Sri Lanka’s riding champion does his final lap | Sunday Observer

Sri Lanka’s riding champion does his final lap

17 January, 2021
Upali Dassanayake
Upali Dassanayake

A racing rider who reigned on the racing tracks in Sri Lanka for nearly a decade passed away last week after a long battle with a prolonged illness. Upali Dassanayake, a product of Maliyadeva College, Kurunegala was the icon among racing enthusiasts on all tracks from Kandy road races to the Katunayake and Katukurunda circuits.

Upali Mervyn Senerath Dassanayke hailed from a family of eight in Pannala and took to racing following the in wheels of his relatives, the famous Mirando family of three brothers, Asoka, Bathiya and Lucky from Negombo.

After years of learning the art of riding, Upali was a daredevil rider even in his younger days. His eldest brother, the late Gamini too was into racing but never could achieve what his younger brother reached.

Upali always thrilled the younger set in Kurunegala by showing his riding discipline by borrowng his elder brother’s Honda 125.

His late father Harry Dassanayake, was a prominent figure in Pannala and extended his support to his son at all times. Upali also excelled in athletics and was a member of the senior cricket team.

He first bought the Kawasakii from Chandra de Costa, another rider of his own class. That was his very first attempt at the Kandy road races where as a youngester had many tosses while riding but was cheered on by the crowds for his bold style in handling the bike.

Undaunted by his several attempts to win the track he continued fearlessly by participating on all tracks and finally in the late 1970s reached his goal as the champion rider of Sri Lanka.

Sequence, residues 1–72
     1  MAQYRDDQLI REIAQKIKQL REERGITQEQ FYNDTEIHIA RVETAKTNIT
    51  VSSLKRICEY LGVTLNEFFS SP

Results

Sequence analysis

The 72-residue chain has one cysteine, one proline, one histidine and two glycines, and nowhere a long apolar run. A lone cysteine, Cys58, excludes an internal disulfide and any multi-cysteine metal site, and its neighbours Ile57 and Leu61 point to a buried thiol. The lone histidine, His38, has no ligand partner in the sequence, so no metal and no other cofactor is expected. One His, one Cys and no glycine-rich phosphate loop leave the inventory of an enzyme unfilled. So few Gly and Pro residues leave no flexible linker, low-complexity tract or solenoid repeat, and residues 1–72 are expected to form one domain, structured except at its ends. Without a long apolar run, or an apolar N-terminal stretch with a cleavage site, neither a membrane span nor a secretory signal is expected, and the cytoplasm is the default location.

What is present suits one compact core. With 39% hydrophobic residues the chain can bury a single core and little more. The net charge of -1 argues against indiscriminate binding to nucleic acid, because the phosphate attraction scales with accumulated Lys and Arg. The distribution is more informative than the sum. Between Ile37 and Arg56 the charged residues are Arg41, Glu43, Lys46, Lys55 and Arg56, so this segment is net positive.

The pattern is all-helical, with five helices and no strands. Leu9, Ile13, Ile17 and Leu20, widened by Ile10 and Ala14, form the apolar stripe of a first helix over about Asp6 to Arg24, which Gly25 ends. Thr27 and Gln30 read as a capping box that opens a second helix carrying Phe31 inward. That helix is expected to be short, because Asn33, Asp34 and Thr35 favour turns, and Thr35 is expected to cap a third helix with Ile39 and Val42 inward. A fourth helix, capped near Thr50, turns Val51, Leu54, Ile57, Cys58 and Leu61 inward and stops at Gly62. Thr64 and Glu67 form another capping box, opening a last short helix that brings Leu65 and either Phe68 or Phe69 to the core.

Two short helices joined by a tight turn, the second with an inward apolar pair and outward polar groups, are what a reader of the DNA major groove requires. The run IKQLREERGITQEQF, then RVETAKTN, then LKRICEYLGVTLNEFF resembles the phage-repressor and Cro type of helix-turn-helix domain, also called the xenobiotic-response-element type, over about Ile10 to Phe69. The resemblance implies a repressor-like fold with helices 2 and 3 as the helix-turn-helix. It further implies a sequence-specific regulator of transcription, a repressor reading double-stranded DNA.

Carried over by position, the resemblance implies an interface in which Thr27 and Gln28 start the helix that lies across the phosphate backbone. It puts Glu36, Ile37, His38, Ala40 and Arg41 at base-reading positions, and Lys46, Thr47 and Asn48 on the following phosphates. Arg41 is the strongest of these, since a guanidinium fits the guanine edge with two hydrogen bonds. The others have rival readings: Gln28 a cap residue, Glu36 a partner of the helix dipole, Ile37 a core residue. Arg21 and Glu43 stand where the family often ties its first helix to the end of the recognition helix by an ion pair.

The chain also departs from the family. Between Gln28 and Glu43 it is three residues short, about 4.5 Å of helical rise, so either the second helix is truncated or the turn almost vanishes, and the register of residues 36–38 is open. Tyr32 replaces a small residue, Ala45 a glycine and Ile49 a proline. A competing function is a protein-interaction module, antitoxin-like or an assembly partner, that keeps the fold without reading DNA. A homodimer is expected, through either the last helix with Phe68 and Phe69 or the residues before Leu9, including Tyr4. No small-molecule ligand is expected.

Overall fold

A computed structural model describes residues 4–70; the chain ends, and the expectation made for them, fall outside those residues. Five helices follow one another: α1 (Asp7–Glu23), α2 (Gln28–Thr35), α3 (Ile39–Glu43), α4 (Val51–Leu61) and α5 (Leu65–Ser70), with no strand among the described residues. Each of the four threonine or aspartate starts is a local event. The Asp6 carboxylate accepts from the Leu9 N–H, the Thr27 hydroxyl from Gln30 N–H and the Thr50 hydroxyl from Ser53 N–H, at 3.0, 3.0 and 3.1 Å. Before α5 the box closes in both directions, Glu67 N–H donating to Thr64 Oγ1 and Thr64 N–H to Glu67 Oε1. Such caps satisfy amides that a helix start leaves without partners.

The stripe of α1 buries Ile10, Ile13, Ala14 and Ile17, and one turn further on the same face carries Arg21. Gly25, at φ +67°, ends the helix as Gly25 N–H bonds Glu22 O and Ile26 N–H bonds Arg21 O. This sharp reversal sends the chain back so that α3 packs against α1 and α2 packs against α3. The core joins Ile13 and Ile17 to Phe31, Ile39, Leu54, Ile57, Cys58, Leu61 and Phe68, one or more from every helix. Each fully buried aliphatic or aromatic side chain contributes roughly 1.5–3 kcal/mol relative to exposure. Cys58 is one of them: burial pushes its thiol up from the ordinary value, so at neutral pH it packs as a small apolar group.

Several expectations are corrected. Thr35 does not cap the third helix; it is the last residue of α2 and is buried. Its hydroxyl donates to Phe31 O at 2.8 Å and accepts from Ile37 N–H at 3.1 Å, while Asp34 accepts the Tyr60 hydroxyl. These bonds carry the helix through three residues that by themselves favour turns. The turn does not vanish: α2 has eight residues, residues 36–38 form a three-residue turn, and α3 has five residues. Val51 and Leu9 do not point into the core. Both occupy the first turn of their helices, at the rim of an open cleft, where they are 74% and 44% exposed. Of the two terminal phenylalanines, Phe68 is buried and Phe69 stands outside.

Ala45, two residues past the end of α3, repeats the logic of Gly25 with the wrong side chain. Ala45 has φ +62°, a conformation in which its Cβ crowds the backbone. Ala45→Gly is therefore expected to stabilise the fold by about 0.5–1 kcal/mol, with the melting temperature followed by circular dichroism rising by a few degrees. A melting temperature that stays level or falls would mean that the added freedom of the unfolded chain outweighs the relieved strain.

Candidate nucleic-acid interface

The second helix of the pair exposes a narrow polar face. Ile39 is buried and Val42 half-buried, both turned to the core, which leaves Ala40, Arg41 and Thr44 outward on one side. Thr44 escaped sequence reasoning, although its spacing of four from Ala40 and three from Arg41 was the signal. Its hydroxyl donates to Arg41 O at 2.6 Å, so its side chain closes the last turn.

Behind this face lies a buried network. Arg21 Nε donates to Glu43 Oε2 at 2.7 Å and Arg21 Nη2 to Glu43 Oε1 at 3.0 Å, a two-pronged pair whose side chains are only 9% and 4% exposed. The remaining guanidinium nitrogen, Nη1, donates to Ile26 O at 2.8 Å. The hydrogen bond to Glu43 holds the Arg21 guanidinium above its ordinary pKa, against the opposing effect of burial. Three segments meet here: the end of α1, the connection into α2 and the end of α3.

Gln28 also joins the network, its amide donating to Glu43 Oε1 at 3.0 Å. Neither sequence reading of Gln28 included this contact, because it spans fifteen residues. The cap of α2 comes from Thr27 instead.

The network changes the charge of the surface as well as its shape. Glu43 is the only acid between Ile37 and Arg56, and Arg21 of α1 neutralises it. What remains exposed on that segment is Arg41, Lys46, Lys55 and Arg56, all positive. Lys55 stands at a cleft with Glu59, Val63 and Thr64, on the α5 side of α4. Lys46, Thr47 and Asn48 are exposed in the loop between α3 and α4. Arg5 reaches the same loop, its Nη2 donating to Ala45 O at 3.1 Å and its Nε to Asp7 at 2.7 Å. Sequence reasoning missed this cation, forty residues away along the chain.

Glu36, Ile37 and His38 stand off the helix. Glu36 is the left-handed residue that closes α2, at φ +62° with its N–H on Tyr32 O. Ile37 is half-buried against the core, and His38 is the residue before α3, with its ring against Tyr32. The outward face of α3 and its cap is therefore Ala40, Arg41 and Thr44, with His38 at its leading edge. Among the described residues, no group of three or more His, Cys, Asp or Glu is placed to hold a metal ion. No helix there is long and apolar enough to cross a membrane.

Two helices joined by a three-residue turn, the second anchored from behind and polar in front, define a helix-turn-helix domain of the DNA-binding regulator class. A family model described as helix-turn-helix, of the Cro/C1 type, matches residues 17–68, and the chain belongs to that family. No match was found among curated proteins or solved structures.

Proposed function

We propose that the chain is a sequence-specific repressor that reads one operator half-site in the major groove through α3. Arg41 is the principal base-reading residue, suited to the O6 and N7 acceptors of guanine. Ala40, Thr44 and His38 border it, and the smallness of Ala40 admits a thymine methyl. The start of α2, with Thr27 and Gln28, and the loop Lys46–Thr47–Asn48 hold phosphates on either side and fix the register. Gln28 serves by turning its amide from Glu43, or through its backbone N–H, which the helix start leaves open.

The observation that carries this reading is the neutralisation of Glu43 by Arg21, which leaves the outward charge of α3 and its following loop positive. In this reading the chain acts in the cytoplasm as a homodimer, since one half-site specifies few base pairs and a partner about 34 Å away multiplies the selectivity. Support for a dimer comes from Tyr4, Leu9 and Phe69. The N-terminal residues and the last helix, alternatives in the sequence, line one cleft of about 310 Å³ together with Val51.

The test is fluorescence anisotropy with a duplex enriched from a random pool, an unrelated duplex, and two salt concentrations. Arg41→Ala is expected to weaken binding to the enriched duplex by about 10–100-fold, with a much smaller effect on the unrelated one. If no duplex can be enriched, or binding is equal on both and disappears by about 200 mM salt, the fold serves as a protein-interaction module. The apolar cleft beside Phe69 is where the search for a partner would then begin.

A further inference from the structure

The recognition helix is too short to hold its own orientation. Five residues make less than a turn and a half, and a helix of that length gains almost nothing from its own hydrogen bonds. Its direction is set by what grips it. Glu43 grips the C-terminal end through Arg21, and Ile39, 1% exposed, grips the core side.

He was the third rider from Kurunegala following Siri Wedisinghe and Dilantha Malagamuwa (before he switched to motor cars) and remained at the helm for many years.

At the time of his death he was 67 and was the finest figure in various fields.

He was a leading motorcycle businessman starting his money spinner with Goldwing Motors. His fortune as a great rider and businessman had much to do with his beloved wife Kamani who too hails from Kurunegala. He was a popular character to his dear friends here and overseas.

Upali had a dream to enter politics after his retirement from the track and successfully contested the Katugampola by-election in 1988 and won comfortably thanks to his popularity and to his devoed wife Kamani. He was elected again in 1989 and the late President Ranasinghe Premadasa gave him the portfolio of deputy minister of Parliamentary Affairs.

He did not contest in 1994 and concentrated on his business with Goldwing Motors.

His success was attributed to his wife Kamani who made him a legend of his time of motor racing, business and politics and his family life.

Kamani was a woman of great character and perseverence and effort and never feared to overcome challenges that came upon him. She stood by him even at the time of his death and brought up the children with respect, honour, irrational resentment, truth and integrity.

The results of her strength proved to be evidence even at the time of his demise. She was laudible and compassion was written all over her face throughout.

Upali’s success in life took another turn when he created the popular racing track in Pannala where his passion thrived at the zenith of his career.

His final journey taking the final lap took place on January 8 at his dream venue for which his wife Kamani was instrumental in giving him the unstinted support, the Pannala racing track.

He leaves behind his wife Kamani, son Naveen and daughter Gayathri. May he attain the supreme bliss of Nirvana.